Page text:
The American Highway: The History and Culture of Roads

The American Highway: The History and Culture of Roads

The American Highway: The History and Culture of Roads
in the United States
By William Kaszynski
Jeferson, NC: McFarland & Company, 2000
Softcover, 237 pages

Reviewed by Ralph S. Wilcox

In my work writing nominations to place properties on the National Register of Historic Places, I peruse many books on American roads and roadside architecture. However, I was unfamiliar with William Kaszynski’s The American Highway: The History and Culture of Roads in the United States. The book provides readers with a scenic ride along American roads, including side trips exploring roadside establishments. My initial glance through the publication, which is liberally illustrated with historical photographs, only whetted my appetite. I couldn’t wait to depart on a vicarious trip.

Kaszynski’s book is 237 pages and is divided into six chapters. The book’s first chapter, “A Brief History of Roads,” takes the reader on a whirlwind ride through the development of roads from the Assyrians through the end of the 19th century. The other chapters cover mainly 20-30-year periods of history, including “The Early Days (1900-1919),” “The First Generation (1920-1945),” “The Golden Age (1946-1969),” “The Interstate Era (1970-2000),” and “The Future.” Although the 2000 publication date of the book is apparent in reading the last chapter—some things discussed have already occurred—the other chapters are still very relevant.

One striking fact that Kaszynski conveys in the first chapter is that parts of the Appian Way in Italy still used today utilize the original pavement dating from more than 2,000 years ago. In contrast, “The oldest highway in America dates to 1673 when a post rider delivered mail from New York City to Boston.” And to think that I was excited when I was able to nominate a highway segment to the National Register that retains its original concrete pavement from the 1920s!

Concerning Kaszynski’s chapter “The Future,” it is interesting to look back on the chapter 20 years later and see what has come true and what has not. For example, in discussing automobile safety, he notes, “After requiring that all new cars include air safety bags, we’ll add side-mounted airbags, then safer airbags, etc.”

Kaszynski also touches on the U.S. Department of Transportation (DOT)and Federal Highway Administration FHA)’s ISTEA and TEA-21 programs, and it is interesting to see that one of the goals of ISTEA was “To develop an ‘Automated Highway System” (AHS), including “smart vehicles” equipped with crash-avoidance technology.” Although I don’t know how much of the AHS has come true, many vehicles today have crash-avoidance technology in the form of flashing lights, alarms, and automatic braking.

Kaszynski also talks about the “Intelligent Transportation System” (ITS), which encompassed many radical features that have become commonplace today. For example, he writes that “Delco Electronics demonstrated a concept car in 1996 equipped with two dozen security, safety, and communication features. When safety airbags are deployed in a front-end collision, the vehicle automatically sends a message to emergency services for assistance.” Also, he notes that “Microsoft and Intel have developed computer software called ‘Connected Car-PC” and “Auto-PC with some radical new features. The new software package enables driver and vehicle to become a mobile office-communication center, with traffic and weather information, e-mail, a fax/pager, and cellular telephone…Computer technology is making the possibilities in future transportation almost limitless.”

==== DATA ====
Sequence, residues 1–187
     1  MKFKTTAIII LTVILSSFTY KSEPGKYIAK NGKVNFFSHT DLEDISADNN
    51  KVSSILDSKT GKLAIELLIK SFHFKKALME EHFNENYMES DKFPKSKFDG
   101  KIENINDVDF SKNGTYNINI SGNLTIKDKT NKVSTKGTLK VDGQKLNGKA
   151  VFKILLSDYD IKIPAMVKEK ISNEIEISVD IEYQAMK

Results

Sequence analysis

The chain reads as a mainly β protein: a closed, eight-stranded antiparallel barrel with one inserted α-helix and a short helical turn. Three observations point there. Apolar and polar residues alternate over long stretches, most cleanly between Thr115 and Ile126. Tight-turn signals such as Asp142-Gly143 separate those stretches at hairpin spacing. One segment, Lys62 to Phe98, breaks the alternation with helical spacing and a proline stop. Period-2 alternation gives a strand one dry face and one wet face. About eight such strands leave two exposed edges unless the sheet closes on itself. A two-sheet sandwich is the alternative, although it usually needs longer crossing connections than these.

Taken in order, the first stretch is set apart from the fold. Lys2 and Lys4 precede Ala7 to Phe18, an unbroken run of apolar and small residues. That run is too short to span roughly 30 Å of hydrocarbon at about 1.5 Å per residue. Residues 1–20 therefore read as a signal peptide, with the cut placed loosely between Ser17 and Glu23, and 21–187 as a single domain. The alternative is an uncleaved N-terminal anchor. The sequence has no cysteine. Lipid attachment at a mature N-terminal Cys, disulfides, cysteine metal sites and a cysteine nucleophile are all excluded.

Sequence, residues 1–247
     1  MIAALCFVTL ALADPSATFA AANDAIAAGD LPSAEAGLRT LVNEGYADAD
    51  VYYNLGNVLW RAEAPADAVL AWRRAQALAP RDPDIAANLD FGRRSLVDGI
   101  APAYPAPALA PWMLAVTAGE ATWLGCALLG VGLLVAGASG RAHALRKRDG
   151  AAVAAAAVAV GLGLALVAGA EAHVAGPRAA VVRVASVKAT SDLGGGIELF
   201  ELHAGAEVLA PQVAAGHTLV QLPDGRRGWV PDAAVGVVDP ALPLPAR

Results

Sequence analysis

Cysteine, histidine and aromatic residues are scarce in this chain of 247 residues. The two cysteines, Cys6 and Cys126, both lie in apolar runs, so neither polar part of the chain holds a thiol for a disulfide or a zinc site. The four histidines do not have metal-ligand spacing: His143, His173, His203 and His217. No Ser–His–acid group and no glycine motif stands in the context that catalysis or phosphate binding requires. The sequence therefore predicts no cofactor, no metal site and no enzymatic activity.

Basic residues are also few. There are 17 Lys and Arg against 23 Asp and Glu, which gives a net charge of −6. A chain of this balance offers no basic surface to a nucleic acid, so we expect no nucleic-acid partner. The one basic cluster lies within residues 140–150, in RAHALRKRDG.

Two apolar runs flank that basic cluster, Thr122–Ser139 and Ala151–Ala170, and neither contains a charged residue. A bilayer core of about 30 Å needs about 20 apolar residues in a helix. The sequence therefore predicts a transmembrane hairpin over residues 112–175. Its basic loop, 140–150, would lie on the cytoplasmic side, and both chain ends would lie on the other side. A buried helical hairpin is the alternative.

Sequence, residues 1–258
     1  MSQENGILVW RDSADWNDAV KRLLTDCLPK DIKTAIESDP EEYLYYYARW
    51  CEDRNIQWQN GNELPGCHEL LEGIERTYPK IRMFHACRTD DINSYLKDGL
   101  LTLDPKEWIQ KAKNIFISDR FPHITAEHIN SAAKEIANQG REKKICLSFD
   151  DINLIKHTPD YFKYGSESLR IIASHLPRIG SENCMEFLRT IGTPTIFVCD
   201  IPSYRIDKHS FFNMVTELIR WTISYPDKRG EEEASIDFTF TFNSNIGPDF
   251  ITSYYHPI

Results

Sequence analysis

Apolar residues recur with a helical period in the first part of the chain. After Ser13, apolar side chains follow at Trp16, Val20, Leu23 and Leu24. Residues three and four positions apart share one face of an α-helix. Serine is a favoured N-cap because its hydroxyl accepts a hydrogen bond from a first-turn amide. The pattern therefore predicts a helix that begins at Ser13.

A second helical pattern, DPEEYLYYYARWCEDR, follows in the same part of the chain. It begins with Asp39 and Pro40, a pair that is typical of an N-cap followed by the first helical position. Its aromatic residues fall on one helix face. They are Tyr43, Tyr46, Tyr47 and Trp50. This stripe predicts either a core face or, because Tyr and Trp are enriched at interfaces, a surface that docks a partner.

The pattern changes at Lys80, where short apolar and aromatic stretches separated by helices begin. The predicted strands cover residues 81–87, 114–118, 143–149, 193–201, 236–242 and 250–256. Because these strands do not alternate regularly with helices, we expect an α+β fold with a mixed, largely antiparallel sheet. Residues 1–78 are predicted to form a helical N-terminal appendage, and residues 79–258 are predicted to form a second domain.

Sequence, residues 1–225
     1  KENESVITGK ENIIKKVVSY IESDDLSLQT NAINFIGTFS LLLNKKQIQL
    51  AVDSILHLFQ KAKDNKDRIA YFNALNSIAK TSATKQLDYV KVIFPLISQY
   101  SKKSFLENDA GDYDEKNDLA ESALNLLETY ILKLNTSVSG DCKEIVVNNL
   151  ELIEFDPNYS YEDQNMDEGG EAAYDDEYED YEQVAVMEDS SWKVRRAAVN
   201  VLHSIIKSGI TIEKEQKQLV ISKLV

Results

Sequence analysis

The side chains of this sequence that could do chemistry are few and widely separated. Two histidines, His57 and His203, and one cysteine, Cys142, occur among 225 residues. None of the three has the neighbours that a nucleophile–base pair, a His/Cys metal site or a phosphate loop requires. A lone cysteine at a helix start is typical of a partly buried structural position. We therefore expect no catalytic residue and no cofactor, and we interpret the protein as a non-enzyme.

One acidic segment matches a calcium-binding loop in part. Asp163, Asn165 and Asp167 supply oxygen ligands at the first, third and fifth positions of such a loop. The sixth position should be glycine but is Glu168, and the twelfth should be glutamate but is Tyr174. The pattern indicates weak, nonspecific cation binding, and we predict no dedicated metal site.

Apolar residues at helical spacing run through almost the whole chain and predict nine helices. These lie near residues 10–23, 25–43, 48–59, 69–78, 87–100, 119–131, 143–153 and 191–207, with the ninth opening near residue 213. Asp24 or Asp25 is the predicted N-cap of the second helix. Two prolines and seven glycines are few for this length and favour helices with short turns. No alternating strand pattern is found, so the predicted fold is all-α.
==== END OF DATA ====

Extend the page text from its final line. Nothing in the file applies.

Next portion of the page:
Kaszynski covers a lot of ground in his book, but he does it in a readable style for the layperson. There’s something for every commercial archeologist, from hotels and gas stations to restaurants and Greyhound bus lines. Throughout the book, Kaszynski provides rest stops at restaurants such as Howard Johnson’s, McDonald’s, and Dairy Queen, as well as hotels and motels, including Holiday Inn, Ramada, and Motel 6. Gas stations are added detours, including Chevron, Phillips Petroleum, Mobil, and Shell, along with other popular brands of the 20th century.

A thorough index and notes accompany the text. The historical photographs are from various sources, including the National Archives, AAA, the U.S. DOT/FHA, and the Pennsylvania Turnpike Commission. The author has also accessed the photo archives of several companies he profiles, such as Stuckey’s, Kentucky Fried Chicken, and Chevron. Kaszynski’s impressive photographs supplement these images. The images alone make the book a valuable resource for those studying the American roadside, and a few maps, diagrams, and charts round out the book’s illustrations.

Given the number of National Register nominations that I have written for highway segments, gas stations, bridges, and other roadside properties, I was surprised that I was previously unfamiliar with The American Highway. However, it’s a book that will remain within easy reach on my office bookshelf. Kaszynski’s book is a must-have for your library for anyone interested in the history of American roads or its businesses.

Ralph S. Wilcox is the National Register and Survey Coordinator for the Arkansas Historic Preservation Program and a previous SCA’s Board of Directors member.


This book review originally appeared in the SCA Journal, Fall 2021, Vol. 40, No. 2. The SCA Journal is a semi-annual publication and a member benefit of the Society for Commercial Archeology.

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